Belarusian economy changes naturally, presidential aide says
MINSK (BelTA) – Belarus is no stranger to reforms, the national economy changes naturally. Aide to the Belarus President Kirill Rudy made the statement during the conference Belarus Economy: At a Tipping Point on 3 November, BelTA has learned.
“Belarus is no stranger to reforms. One cannot say with absolute confidence that nothing has happened in the country in the last few years, that time is frozen somehow here, and no attempts have been made. The economy changes in a natural way. The private sector emerges and grows, small business is on the rise, foreign investors come to Belarus,” noted the Aide to the Belarus President.
In his words, government agencies constantly try to push for structural reforms in accordance with their understanding and their capability. For instance, priorities are outlined and receive the relevant resources. Kirill Rudy reminded that special interagency working groups were set up in 2013-2014 to reform entire branches of the national economy. A number of directives and decrees have been passed to encourage entrepreneurship, develop and support the private sector in small and medium towns. “You have to be objective and say that reforms go on. The fact that reforms are possible is the key result,” noted Kirill Rudy.
The Aide to the Belarus President stressed that the need for reforms is not evident for the general public. “It seems to me that the general public associates reforms with reforms of the Soviet Union but it is difficult to compare the shortage of foods and non-foods in the USSR times with what is going on in Belarus. It is difficult to compare with the Singapore of the year 1960, with the China of the 1970s when migration and mass hunger happened. Those factors definitely urged the authorities to go ahead with truly serious structural reforms. There is nothing like that in Belarus, this is why I see no obvious public demand for reforms apart from demands of a small number of specialists,” explained Kirill Rudy.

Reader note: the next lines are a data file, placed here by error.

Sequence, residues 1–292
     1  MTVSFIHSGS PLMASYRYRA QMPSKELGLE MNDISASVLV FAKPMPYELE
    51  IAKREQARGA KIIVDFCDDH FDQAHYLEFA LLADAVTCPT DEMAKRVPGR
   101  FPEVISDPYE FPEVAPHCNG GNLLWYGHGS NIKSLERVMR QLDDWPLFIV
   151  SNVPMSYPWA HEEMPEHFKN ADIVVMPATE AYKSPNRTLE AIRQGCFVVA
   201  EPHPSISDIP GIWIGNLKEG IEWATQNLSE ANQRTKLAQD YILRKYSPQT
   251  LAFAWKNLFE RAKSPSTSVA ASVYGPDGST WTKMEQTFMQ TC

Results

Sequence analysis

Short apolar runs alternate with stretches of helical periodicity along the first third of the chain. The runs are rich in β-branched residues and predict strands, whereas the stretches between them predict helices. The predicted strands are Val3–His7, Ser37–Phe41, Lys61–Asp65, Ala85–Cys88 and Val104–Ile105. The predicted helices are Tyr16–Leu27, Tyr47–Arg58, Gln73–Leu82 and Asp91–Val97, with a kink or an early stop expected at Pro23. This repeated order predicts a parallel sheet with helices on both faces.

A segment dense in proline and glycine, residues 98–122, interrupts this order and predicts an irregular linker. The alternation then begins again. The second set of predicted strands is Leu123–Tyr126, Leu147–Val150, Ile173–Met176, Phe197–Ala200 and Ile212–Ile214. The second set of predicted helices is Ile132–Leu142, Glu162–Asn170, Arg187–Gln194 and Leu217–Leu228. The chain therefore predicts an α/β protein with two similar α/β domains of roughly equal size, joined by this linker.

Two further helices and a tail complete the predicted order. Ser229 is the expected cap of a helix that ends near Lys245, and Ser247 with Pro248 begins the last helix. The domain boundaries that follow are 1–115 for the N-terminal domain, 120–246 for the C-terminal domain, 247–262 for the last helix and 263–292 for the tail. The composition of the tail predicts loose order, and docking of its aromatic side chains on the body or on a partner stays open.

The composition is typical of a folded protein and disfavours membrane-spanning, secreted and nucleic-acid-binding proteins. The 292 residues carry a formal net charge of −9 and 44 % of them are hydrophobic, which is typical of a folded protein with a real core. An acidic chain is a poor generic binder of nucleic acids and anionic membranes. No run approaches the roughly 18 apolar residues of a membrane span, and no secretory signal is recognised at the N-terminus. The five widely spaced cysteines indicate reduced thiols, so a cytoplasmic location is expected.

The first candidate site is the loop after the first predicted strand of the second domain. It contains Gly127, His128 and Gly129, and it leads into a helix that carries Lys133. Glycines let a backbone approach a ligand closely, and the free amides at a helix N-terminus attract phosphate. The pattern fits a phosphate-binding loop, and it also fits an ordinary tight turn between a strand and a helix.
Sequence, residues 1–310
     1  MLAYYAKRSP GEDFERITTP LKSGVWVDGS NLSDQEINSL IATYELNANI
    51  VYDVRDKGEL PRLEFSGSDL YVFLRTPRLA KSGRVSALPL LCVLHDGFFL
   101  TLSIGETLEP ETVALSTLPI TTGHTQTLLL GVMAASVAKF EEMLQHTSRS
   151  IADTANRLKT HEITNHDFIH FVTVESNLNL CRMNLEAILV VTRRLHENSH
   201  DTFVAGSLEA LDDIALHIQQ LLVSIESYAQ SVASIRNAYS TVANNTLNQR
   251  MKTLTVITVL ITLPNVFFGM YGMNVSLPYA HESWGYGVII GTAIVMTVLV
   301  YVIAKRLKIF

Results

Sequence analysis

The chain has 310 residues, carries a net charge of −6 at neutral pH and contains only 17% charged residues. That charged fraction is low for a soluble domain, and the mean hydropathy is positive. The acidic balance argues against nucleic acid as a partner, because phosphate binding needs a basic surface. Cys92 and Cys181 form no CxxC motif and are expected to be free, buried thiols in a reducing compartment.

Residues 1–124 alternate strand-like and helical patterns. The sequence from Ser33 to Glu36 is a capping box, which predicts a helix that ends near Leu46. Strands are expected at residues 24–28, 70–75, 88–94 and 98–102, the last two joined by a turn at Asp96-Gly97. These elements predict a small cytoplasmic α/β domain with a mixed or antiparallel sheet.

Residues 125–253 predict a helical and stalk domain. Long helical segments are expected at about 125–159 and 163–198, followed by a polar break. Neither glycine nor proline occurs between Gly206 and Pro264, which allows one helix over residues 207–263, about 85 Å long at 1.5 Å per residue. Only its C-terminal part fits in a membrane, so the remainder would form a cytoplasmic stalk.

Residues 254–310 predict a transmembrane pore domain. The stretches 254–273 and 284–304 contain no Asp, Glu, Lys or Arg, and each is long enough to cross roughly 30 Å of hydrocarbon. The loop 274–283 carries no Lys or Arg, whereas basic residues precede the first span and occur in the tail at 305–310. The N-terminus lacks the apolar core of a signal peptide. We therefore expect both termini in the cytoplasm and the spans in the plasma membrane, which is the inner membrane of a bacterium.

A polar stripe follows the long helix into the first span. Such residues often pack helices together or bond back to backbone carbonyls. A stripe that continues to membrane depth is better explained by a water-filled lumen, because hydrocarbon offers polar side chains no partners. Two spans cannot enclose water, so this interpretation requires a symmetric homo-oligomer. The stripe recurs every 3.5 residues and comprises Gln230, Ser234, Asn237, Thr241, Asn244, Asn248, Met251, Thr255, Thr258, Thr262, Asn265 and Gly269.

He said he believes that reforms are not obvious for civil servants either since competent, responsible officials often receive incomplete real information or the information is distorted to a degree.
Kirill Rudy said he believes that there are no external incentives for reforms in Belarus. In his words, the desire to join the European Union was the incentive for reforms in Central and Eastern Europe. “But all the countries suspended their reforms after joining the European Union except for Latvia. Some of them even returned to a form of administration less dependent on market principles,” he stated.
Speaking about external incentives that encourage reforms in Belarus, the expert mentioned economic slowdown in the region, falling oil prices, and Russia's growing influence. Kirill Rudy said the country has lived in these conditions for years.
In his words, the government is overburdened with routine affairs and has no strength or time to make strategic decisions. Apart from that, it is important who will implement the reforms.
Kirill Rudy mentioned three conditions that can allow reforms to go ahead, including in Belarus. “I believe the general public needs to be involved. Constant awareness-raising efforts are necessary as well as regular explanations, transparency. Both the implementation of decisions and how the decisions are made have to be transparent. Everyone needs to understand what we are looking forward to, what the reforms are all about and what they will bring about. Economists should play the enlightening role,” he noted.
The demand of the middle class for reforms is the second condition mentioned by Kirill Rudy. In his words, the middle class is unstable in Belarus considering changes of the currency exchange rate and changes in revenues. According to the Economy Ministry, in January-May 2014 the share of the middle class in Belarus stood at 49%. In May 2015 the figure was 39% while the world's average varies from 50% to 70%. “It is necessary to grow the middle class,” believes Kirill Rudy.
The Aide to the Belarus President said that the political elite's demand for reforms is the third condition. “We've seen a certain shift of generations in the central government, the central bank in the last few years. Moreover, the government and the National Bank have been forming economic reform programs since 2013 regardless of who leads them. One can say a change of mentality has occurred. They suggest reforms. This is why every year reforms are worked out not for the sake of international organizations but for the country. The reforms are recognized as necessary,” noted Kirill Rudy.